I met Alison three weeks into rehearsal, at a party. She has really been, as far as I can tell, an absolute dream for everybody to work with. …She’s supportive, but doesn’t necessarily want to put herself in the middle of the process. One of the things that’s really benefited this show is, (Bechdel) knows what she’s brilliant at, which is her work, and she knows when to hand it over. And that’s not an easy thing to do, particularly with something so personal. She’s always ready to support the show and do interviews, so she really does what she can to be a positive force. … She came to our opening night in Cleveland. … I was so flattered by her kindness, and so impressed with her warmth.
Do you feel an even greater sense of urgency about telling this story in the wake of the presidential election?
We’ve been giving our speech for Broadway Cares at the end of the show, and for me, it would be crazy to be touring this show at this moment and not acknowledge what it means. …I think audiences across country can unify around the idea that people deserve their rights, and people deserve dignity and respect, and when that doesn’t happen, bad stuff occurs, like the things that happen in this show. … I think our cast and our production team, which is about 40 people, and lots of people around the country strongly feel like we cannot going back to the world that killed Bruce Bechdel. We just can’t.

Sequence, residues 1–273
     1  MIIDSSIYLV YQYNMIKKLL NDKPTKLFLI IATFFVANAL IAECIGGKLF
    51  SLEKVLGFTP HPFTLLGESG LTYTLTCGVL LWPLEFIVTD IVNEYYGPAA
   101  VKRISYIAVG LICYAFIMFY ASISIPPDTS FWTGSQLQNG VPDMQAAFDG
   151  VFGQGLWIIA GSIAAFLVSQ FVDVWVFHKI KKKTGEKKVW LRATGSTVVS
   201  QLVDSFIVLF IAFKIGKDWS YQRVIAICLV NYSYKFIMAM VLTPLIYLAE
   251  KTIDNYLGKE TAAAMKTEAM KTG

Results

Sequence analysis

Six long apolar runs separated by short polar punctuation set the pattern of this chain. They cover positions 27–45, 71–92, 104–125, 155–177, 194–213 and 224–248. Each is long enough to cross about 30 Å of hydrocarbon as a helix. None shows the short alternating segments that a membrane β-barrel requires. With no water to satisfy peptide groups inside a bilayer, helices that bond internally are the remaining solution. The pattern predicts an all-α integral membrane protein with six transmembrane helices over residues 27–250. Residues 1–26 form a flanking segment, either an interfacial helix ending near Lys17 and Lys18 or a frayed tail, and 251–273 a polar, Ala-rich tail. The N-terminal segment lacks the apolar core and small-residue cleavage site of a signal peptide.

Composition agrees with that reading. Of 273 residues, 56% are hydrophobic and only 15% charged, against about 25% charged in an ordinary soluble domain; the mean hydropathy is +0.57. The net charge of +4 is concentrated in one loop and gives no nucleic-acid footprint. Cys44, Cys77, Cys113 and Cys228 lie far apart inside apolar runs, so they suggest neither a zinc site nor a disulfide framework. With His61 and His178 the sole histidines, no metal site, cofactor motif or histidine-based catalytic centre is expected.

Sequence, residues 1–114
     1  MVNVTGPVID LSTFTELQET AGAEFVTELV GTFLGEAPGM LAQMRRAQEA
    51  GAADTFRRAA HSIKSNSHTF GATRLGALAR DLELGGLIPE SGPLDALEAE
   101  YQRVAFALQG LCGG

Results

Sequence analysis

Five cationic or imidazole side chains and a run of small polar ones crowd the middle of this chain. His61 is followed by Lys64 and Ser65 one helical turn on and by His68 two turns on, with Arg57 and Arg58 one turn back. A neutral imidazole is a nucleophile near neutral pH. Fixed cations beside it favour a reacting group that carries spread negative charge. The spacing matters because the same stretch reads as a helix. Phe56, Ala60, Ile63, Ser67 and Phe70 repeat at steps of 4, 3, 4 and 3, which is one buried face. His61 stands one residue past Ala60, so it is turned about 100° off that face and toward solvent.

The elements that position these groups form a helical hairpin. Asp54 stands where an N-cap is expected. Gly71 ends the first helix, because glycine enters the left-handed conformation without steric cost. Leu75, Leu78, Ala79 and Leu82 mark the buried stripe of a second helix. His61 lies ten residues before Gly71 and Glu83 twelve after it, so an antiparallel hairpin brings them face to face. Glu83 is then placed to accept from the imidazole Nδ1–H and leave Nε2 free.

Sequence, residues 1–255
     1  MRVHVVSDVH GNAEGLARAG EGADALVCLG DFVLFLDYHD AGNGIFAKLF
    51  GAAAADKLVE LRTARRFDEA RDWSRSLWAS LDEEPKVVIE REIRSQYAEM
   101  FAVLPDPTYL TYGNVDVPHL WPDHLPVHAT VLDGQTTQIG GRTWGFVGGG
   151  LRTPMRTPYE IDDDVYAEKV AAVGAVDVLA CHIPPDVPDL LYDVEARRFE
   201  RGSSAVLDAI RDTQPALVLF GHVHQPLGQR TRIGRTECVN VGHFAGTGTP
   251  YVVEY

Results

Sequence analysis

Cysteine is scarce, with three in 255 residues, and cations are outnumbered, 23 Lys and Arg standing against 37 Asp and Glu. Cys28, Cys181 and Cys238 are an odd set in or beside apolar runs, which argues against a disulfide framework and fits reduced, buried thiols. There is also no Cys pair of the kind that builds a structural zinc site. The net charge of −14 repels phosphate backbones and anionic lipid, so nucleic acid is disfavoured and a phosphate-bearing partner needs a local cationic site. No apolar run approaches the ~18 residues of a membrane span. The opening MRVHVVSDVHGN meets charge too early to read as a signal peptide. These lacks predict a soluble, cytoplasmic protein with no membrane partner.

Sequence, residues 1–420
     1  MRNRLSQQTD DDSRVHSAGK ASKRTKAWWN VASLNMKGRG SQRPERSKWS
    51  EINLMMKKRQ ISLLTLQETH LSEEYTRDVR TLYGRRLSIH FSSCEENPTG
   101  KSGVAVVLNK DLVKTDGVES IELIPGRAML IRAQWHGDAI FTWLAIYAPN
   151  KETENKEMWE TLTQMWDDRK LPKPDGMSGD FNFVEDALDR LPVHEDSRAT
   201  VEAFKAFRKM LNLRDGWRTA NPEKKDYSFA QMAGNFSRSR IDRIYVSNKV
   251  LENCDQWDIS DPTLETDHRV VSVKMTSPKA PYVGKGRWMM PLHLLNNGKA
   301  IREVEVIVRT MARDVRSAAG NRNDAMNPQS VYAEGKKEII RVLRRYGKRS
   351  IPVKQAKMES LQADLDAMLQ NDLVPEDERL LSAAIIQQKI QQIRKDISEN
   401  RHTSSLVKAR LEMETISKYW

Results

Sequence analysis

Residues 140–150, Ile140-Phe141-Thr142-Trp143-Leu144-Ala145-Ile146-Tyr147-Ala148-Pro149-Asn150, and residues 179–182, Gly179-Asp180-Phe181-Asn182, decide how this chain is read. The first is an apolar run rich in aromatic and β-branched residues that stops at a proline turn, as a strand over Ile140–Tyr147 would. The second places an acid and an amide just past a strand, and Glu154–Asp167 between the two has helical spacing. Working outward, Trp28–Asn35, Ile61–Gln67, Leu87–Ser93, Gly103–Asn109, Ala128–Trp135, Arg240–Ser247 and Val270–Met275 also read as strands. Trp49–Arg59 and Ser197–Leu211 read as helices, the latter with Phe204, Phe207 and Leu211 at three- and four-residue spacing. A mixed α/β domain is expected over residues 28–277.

To play Alison in “Fun Home,” you had to cut your hair really short, and in an interview, you talked about making this change in your appearance in stages. Now that you’ve had it a while, has it made you see or think about yourself differently?
No, not really. I know it sounds cliche, but the older I get, the more excited I am about what’s inside, and the less worried I am about what’s on the outside. Yes, I’m an actor, so I have to care what I look like in the mirror a little, but honestly, I’m so much better than I was in my 20s. The rest is just a haircut. And that’s been liberating for me. … I’m pretty happy, and it’s nice to say that out loud. I’m happy, and hair grows back. I can safely say that I wouldn’t ever have gotten my hair cut this short if not for this show, but wow, what a good reason to do it.
“Fun Home” was the show that collected five major Tony Awards the year before “Hamilton,” but “Hamilton” has become so larger-than-life, I’m wondering if you feel like the down-side of that mainstream success is that shows like “Fun Home” are forgotten, or maybe overlooked.
“Hamilton” has been such a great thing for our community. … Yes, there are times when “Hamilton” has taken up all the oxygen in the room, but at the same time, they’re raising the bar for what can be achieved on Broadway. Some are concerned about it turning into a theme park, but really, it’s opened the door to giving a completely new, original piece of work a chance, and now, 15 people will be trying to do something like “Hamilton.” They may not be as good, but it’s exciting that “Hamilton” is acting as a catalyst in that way. Plus, another thing that’s incredibly important, as “Hamilton” spreads out across the country, is that the first tickets went on sale to subscribers, so guess what? Subscriptions are up. Where that show will play, people may subscribe just to see “Hamilton,” but they’ll also probably see other great work, too. So the “Hamilton” effect is by and large a positive one.